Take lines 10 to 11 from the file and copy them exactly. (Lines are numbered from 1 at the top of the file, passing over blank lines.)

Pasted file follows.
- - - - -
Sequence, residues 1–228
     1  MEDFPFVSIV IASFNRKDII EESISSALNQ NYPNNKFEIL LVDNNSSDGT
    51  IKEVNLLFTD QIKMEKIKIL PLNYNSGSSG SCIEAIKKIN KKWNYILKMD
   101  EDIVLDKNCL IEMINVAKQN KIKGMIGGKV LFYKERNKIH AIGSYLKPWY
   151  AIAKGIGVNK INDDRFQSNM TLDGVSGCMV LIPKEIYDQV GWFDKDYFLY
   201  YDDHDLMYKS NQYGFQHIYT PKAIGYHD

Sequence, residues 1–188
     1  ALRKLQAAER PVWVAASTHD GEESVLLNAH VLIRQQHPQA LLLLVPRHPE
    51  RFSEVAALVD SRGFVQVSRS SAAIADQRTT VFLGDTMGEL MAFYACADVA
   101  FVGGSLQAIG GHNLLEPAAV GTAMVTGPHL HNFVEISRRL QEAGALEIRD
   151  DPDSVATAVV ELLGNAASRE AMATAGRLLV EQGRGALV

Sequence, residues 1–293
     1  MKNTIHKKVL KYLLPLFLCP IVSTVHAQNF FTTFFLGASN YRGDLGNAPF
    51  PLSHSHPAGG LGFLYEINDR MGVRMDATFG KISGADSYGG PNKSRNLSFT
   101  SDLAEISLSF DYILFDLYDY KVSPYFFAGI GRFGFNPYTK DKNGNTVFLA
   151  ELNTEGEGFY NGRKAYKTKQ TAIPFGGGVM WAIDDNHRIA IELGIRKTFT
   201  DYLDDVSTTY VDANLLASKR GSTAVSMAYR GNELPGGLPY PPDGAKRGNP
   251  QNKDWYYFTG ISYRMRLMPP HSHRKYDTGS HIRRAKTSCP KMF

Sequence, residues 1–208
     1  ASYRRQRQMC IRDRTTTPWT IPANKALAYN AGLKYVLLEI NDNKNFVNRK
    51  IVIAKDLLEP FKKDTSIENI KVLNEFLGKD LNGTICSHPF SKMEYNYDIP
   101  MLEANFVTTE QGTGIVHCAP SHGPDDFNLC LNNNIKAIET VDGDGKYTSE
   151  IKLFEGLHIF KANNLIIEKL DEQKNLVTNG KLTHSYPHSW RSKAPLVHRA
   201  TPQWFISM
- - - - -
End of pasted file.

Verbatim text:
   101  FVGGSLQAIG GHNLLEPAAV GTAMVTGPHL HNFVEISRRL QEAGALEIRD
   151  DPDSVATAVV ELLGNAASRE AMATAGRLLV EQGRGALV